How can you increase the odds that your children won’t fight over the family assets after your death?
Children don’t always fight after their parents’ deaths. However, family fights happen more often than you might think.
Below are some steps that you can take to help reduce the odds of a fight breaking out. » Read more..
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Whether a Will or a Revocable Living Trust is best for you depends on your goals and situation.
An estate planning lawyer can help you review the pros and cons of each based on your needs and desires.
A Revocable Living Trust is more flexible than a Will, and may help married persons avoid Minnesota’s estate tax. However, a Revocable Living Trust is more expensive to set up, and requires you to proactively assign various assets to your Trust for your Trust to work properly. » Read more..
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Minnesota’s Transfer-on-Death Deed (TODD) has been a popular estate planning tool since 2008, when a law enabling the technique became effective.
The homeowner uses a TODD to designate who should inherit a specific parcel of real estate after the homeowner’s death. The TODD must be recorded with the county recorder (or registrar of titles, as the case may be) in the Minnesota county where the property is located prior to the death of the homeowner. » Read more..
Typically, people want to avoid probate, but there are times when probate is the better path.
(Probate is a legal process in which a court formally appoints a personal representative to administer the deceased’s estate. Probate may occur whether or not the deceased had a Will. When the deceased’s Will names someone to be the personal representative, the selection is considered a “nomination” – not an appointment. It is the court that “appoints” and provides the official documentation that enables the nominated personal representative to act.)
People often prefer to avoid probate because the probate process is public, takes time, costs money, and involves some hassle.
But sometimes probate may be the preferred — or required — path because the court can resolve issues, thereby reducing pressure on the personal representative. Some examples are: » Read more..
You don’t need to be a millionaire or billionaire to benefit from a Revocable Living Trust.
A key benefit of a Revocable Living Trust is to control the ages at which your children receive their inheritance. Without a trust, sons and daughters as young as 18 years of age receive full distribution of their inheritance in Minnesota once your estate is settled. » Read more..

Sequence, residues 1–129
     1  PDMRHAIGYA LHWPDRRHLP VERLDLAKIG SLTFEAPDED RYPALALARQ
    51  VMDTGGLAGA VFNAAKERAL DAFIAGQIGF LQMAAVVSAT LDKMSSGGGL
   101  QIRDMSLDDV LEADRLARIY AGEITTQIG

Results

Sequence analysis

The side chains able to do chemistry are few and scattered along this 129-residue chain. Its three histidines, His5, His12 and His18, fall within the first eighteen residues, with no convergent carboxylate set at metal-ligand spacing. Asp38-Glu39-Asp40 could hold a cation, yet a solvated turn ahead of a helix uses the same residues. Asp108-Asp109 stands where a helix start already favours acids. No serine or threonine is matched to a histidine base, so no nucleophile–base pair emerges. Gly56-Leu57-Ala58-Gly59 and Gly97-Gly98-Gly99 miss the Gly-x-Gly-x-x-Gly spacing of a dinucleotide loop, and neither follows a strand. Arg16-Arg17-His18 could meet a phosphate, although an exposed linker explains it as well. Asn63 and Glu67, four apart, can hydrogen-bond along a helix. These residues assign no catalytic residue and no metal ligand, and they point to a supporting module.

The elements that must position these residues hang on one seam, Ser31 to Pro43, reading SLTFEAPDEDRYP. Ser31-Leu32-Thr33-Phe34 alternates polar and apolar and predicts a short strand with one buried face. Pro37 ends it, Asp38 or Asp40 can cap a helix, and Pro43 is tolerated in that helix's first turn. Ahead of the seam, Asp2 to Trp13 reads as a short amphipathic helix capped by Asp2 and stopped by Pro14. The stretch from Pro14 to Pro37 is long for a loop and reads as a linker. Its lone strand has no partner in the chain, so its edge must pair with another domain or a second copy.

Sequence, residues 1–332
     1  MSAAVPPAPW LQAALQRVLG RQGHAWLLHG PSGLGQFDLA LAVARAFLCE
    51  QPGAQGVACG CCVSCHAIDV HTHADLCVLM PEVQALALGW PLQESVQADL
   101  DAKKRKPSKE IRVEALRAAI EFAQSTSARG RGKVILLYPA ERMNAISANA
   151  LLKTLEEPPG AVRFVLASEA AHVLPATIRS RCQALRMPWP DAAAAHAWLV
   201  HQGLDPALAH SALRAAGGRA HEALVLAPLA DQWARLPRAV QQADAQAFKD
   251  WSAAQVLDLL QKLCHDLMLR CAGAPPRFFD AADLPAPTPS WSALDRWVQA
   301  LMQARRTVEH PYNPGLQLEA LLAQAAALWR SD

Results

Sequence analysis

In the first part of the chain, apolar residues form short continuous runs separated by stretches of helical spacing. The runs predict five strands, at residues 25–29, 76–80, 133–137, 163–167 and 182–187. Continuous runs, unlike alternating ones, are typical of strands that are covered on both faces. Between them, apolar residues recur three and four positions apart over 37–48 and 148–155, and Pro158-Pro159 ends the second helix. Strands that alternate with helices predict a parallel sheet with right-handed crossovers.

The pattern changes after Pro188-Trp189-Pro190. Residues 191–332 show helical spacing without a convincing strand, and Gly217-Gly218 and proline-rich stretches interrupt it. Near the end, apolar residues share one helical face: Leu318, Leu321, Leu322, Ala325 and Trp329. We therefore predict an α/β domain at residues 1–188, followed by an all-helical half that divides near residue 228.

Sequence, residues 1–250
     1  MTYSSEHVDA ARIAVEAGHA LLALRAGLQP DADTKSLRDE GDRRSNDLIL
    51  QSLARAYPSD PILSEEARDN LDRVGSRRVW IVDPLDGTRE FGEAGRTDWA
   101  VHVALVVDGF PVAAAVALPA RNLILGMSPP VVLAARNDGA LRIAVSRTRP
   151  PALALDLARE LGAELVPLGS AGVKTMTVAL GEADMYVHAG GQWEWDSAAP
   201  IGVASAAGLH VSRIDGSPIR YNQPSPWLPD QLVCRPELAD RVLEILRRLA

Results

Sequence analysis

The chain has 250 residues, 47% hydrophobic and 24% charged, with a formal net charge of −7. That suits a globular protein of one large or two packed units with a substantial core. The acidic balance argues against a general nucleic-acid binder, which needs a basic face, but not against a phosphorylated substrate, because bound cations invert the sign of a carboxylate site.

Minnesota’s Transfer on Death Deed (TODD) for real estate is a popular way for Minnesota families to try to avoid probate upon the death of the property owner.
Probate in Minnesota isn’t the onerous process that it is in some states, but probate takes time and costs money regardless. Thus, many Minnesotans try to avoid probate.
Probate is triggered in Minnesota when the deceased: (1) owns real estate in his or her name alone, or (2) owns $75,000 or more in probate assets in his or her name alone. This blog focuses solely on the first trigger – ownership of real estate. » Read more..
Legal paperwork for the newly married shouldn’t stop with the Minnesota marriage license.
An important wedding gift to give yourselves, as newlyweds, is peace of mind that you’ve left your new spouse in the best situation possible should tragedy occur to one of you.
What steps foster that peace of mind? » Read more..
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Keeping the beloved Minnesota cabin in the family is an oft-heard goal that is frequently addressed by placing the cabin in a revocable living trust or by setting up a limited liability company (LLC) to own the cabin.
Another common goal is to avoid potential future ownership of the revered family cabin by outsiders — i.e., the creditors or divorcing spouses of the next generation of family members. Blocking disputes among next-generation owners from forcing a sale of the cabin, through a court “partition” action, may also be a priority. » Read more..
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Have you seen the ads that encourage you to take steps to avoid probate?
Probate in Minnesota does take some time and does cost some money, but typically it’s not the legal equivalent of a root canal.
Probate is a Court-directed process for paying the deceased’s debts and taxes, and then transferring the remaining assets to the deceased’s beneficiaries. » Read more..
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Although most Minnesotans seek to avoid probate, there are pros to probate as well as cons.
Because probate involves the court — an open and public process — probate provides a level of transparency to all potential heirs and beneficiaries that may not exist otherwise. » Read more..
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